Toni Morrison Exhibit at Princeton University Highlights Her Creative Process
In a 1993 interview with The Paris Review about her writing practice, Toni Morrison explained how she achieved the literary feat that is her novel “Jazz.”
“I thought of myself as a jazz musician, someone who practices and practices and practices so that I can invent and make her art look effortless and graceful,” she told the literary magazine at the time.
Behind masterpieces such as ‘Jazz’, ‘Beloved’ and ‘The Bluest Eye’ lies a painstaking craft that Morrison honed over his decades-long career – which is explored in an upcoming exhibition at Princeton University in New Jersey, where Morrison taught for 17 years.
“Toni Morrison: Sites of Memory,” slated to open Feb. 22, examines the creative methods of the celebrated author and Nobel laureate. Drawing on an extensive archive including manuscript drafts, speeches, writing plans and correspondence, the exhibition promises to offer new insight into Morrison’s literary mind.
A handwritten manuscript page from Morrison’s novel “The Bluest Eye”, along with other papers from the author’s archives. Credit: Princeton University Library
“The focus here is really on exploring the process behind these polished texts — what it’s like to imagine, to write at all of these different times,” said curator Autumn Womack, who is also an assistant professor of English and African American Studies. .
The exhibition, divided into six sections, provides insight into Morrison’s thought process and writing practice at various points in his career. Diaries from her time as editor at Random House show how she took time to write her own novels between work obligations, while yellow notepads she filled with notes and drafts shed light her thinking as she wrote later novels such as “A Mercy”.
Womack, a scholar of 19th- and 20th-century American literature, has worked extensively with the Morrison Archive since arriving at Princeton in 2017, using the materials in a course she taught on authorship and reading practices. . As she and her students perused the collection, Womack said she discovered that Morrison’s writing practice was “imbued with a kind of patience”.
Autumn Womack, assistant professor of English and African-American studies at Princeton, is the exhibit’s senior curator. Credit: Brandon Johnson
“As writers, we often want to get to the finished product and know we’ve cracked the code,” she said. “But you see (Morrison) trying and over and over and over and over again, asking questions, looking at different objects, trying different research methods, trying different narrative voices.”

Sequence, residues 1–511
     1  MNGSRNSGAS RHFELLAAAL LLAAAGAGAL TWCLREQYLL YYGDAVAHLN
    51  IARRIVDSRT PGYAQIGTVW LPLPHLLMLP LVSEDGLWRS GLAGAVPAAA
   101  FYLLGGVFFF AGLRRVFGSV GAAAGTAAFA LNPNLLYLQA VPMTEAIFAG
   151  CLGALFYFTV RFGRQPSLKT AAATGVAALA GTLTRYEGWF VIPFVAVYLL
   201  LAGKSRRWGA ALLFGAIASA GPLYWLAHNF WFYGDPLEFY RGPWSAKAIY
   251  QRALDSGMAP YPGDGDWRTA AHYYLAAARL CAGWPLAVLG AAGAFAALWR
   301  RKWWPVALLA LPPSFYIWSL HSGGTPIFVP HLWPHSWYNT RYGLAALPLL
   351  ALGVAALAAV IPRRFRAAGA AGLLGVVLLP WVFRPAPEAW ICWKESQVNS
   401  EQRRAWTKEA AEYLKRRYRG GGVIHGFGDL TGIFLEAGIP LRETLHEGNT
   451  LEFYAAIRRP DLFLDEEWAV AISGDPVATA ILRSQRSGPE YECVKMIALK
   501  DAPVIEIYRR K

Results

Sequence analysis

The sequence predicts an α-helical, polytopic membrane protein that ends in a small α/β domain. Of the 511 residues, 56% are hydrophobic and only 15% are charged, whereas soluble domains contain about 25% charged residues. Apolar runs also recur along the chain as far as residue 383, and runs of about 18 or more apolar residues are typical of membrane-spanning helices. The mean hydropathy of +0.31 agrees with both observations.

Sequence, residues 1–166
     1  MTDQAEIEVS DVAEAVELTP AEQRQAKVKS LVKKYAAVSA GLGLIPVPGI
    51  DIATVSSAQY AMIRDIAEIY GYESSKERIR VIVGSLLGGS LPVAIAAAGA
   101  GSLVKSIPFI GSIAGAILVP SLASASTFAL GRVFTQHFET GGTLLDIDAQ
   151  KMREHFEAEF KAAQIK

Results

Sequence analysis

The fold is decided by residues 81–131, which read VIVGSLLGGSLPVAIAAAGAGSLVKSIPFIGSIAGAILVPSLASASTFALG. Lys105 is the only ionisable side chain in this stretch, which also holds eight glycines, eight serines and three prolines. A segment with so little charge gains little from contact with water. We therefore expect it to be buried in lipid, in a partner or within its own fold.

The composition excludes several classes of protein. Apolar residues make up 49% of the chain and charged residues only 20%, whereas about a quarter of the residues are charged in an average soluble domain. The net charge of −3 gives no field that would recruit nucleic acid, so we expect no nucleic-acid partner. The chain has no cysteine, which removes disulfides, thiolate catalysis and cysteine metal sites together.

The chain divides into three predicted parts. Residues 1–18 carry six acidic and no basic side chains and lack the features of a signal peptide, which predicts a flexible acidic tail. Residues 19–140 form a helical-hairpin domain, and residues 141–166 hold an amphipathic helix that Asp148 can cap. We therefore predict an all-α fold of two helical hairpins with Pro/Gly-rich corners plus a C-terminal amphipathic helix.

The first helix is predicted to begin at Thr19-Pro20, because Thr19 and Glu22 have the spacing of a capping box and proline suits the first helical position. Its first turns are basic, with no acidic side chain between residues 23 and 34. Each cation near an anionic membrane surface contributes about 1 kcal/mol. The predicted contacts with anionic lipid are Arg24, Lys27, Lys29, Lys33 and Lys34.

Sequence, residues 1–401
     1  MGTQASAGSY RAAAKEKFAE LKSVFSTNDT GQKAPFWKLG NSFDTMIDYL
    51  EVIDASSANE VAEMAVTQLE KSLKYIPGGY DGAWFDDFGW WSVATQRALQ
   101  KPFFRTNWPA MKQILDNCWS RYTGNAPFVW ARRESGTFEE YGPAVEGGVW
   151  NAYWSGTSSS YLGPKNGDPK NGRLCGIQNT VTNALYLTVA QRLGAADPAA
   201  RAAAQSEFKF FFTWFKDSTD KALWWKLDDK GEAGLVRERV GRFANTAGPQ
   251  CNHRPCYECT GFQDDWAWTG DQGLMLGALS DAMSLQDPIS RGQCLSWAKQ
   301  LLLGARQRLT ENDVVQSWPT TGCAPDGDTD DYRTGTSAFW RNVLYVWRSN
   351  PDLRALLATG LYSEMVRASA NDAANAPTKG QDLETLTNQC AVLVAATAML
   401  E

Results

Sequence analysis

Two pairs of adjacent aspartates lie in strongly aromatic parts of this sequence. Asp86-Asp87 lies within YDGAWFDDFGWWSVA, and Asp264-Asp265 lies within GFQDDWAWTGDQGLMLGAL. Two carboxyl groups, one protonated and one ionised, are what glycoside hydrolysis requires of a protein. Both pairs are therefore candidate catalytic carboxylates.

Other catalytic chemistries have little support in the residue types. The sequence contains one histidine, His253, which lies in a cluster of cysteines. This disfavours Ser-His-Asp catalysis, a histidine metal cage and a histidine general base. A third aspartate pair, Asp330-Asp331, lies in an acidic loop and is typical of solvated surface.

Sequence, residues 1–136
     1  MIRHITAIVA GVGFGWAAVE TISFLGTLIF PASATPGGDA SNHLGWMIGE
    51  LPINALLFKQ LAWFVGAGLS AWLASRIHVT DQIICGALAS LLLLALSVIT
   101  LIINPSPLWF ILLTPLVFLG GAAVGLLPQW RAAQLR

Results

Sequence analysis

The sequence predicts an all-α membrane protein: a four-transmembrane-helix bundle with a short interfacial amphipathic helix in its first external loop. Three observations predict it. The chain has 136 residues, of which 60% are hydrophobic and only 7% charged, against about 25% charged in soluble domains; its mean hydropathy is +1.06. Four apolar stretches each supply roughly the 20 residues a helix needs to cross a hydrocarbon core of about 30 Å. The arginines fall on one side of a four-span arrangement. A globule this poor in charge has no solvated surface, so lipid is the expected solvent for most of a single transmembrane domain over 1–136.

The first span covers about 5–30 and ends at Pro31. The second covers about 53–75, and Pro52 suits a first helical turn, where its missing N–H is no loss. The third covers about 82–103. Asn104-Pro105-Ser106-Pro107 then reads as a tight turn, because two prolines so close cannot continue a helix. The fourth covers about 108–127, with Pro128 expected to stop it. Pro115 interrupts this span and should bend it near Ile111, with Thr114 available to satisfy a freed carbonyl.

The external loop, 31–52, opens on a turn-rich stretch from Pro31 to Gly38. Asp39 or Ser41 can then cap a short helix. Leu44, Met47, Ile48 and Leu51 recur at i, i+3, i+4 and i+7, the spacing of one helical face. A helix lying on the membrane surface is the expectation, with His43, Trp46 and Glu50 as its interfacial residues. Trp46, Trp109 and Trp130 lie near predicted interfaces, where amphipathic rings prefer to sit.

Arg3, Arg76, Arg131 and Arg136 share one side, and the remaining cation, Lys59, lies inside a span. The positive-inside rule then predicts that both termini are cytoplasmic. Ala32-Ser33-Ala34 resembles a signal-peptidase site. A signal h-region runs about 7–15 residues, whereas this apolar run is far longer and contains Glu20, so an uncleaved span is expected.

The exhibition takes its title from Morrison’s essay “The Site of Memory”. In it, the author detailed a creative practice that started with an image in her mind, which then prompted questions that she set out to explore. As the meaning of the image became clear, it finally came to the text.
This process comes to life in the exhibit, Womack said. Viewers can see how Morrison drew inspiration from a newspaper article about Margaret Garner, an enslaved African-American woman who killed her own daughter rather than allow her to return to a life of slavery, for the premise of “Beloved”. They can trace how an image taken by photographer James Van Der Zee planted the initial seed of “Jazz”.
“You see her keep asking the questions until she comes across the story,” Womack added.
When Womack began curating “Sites of Memory,” she said it became clear to her that the exhibit needed to reflect the collaborative, multidisciplinary elements that were so evident in Morrison’s work. That’s why the archival exhibit is just one in a series of community events and initiatives Princeton is organizing around the author.
The exhibition features a range of documents from Morrison’s archives, including this small notebook. Credit: Brandon Johnson
“Cycle of Creativity: Alison Saar and the Toni Morrison Papers,” an exhibition presented by the university’s art museum which also opens in late February, will combine materials from Morrison’s archives with works by sculptor Alison Saar to explore how both artists illuminate aspects of the black American experience.
In March, the university will host a symposium that will bring together writers, scholars and artists to examine Morrison’s work and its impact on American culture, with a keynote address by novelist Edwidge Danticat.
A spring lecture series and undergraduate courses on Morrison’s work are also in store, according to a press release.
The “Toni Morrison: Sites of Memory” exhibit will be on view at the Milberg Gallery at Princeton University Library in Princeton, New Jersey, from February 23 through June 4.
Top Image: Toni Morrison attends the Carl Sandburg Literary Awards Dinner in Chicago on October 20, 2010. (Photo by Daniel Boczarski/FilmMagic)
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